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What the audience has never heard before is an audio track like the one that accompanies this film. Against the dialogue of the movie’s characters, there’s the commotion of someone in the theatre chomping on popcorn and the ringing of a cell-phone. Then a voice whispers in your ear that she’s worried her stove was left on when she set out for the theatre. Upon turning to your neighbour, you see a person staring intently at the screen, and realize that the voice you heard was part of Cardiff and Miller’s piece. The eeriness intensifies when the footsteps of the film’s most sinister character go off-screen and reappear, somewhere very near you. Then he’s back on screen, staring you in the face, but he delivers his breathy lines just over your shoulder.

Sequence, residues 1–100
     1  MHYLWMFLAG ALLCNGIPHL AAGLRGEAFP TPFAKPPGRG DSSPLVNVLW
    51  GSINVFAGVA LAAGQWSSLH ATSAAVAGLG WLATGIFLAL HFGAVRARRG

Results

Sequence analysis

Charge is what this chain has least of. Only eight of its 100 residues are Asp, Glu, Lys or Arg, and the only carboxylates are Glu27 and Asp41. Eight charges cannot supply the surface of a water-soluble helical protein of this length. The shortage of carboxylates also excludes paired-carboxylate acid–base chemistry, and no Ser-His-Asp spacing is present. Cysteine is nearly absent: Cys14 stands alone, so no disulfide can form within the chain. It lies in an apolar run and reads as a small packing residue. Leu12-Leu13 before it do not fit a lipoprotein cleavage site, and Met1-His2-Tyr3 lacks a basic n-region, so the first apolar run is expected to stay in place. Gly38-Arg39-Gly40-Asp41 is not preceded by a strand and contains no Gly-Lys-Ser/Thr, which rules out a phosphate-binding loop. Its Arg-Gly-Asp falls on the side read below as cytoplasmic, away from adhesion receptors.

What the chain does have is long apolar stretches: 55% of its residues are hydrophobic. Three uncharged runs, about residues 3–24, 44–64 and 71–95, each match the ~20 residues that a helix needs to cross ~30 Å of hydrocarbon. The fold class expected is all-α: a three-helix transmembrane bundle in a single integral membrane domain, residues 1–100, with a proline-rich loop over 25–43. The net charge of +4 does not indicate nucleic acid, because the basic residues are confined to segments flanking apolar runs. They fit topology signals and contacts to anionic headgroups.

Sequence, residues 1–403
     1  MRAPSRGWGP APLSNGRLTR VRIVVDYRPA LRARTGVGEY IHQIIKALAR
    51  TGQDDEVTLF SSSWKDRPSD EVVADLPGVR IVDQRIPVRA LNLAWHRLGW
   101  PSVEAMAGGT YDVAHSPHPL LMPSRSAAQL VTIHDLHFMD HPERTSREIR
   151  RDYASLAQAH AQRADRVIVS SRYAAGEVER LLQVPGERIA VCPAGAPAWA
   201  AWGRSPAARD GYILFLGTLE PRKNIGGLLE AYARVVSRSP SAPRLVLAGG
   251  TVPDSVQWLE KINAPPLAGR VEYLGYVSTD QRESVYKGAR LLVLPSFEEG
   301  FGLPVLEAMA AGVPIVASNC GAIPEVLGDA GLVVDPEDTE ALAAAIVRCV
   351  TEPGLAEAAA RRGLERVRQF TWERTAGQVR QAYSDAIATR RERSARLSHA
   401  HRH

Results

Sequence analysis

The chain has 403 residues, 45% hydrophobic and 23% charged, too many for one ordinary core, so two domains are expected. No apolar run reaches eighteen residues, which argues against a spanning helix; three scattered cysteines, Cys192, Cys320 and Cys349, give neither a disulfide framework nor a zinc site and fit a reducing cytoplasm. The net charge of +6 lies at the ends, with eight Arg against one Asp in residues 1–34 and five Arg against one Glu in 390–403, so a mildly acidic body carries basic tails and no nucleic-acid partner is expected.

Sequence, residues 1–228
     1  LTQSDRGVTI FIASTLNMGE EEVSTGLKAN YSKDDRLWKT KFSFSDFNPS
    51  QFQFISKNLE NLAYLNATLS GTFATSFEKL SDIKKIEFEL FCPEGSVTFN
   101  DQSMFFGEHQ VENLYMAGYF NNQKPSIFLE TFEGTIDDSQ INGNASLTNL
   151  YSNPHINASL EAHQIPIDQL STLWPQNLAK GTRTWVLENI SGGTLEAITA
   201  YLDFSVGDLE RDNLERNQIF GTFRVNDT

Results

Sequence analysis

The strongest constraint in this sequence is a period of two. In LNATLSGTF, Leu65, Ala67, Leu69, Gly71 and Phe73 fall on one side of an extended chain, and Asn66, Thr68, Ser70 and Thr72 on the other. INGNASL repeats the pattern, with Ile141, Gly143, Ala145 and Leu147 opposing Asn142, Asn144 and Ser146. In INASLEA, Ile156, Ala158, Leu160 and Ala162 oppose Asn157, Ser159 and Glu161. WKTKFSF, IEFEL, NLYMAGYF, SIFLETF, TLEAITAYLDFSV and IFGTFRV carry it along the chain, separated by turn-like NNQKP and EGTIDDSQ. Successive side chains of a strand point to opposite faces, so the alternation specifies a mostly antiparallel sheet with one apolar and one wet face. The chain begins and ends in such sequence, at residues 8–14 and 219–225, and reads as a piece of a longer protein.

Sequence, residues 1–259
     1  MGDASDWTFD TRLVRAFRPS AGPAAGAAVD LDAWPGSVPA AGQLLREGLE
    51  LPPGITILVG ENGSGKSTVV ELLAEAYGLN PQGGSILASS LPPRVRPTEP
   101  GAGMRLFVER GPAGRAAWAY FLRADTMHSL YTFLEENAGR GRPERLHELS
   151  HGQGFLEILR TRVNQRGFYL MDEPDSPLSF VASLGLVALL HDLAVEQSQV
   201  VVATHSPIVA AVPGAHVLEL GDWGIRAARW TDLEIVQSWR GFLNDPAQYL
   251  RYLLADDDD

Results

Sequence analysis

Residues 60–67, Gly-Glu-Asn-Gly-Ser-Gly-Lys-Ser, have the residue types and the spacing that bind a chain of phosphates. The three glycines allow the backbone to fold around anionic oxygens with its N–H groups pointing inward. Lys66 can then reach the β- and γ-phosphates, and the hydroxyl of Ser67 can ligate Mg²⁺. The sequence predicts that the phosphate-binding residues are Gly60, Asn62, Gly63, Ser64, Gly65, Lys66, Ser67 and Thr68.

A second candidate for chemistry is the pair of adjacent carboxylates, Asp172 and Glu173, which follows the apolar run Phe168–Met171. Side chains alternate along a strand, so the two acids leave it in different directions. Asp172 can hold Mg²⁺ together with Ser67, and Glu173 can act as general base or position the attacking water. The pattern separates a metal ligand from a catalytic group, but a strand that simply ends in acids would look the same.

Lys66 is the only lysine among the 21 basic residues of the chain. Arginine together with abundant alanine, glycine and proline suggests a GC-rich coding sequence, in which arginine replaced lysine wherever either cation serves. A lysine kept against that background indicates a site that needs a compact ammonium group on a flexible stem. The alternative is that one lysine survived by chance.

“During the piece,” Miller says, “some people turn around and tell the people behind them to shut up, only to discover that those people are on the tape. When we’re watching a film, it’s real to us. We wanted to play with that idea.” In the same way that Picasso and Braque used Cubism to explore the nature of the two-dimensional painted surface, Cardiff and Miller have set out to both investigate and break down the experience of cinema. “You go to the cinema,” says Cardiff, “and it’s not just about what’s on the screen. You walk into a movie theatre with memory: what someone said to you in line two minutes before. You sit down in a velvet chair and that affects your body, your sensuality. The cinema is a completely multidimensional, hyperlink experience.”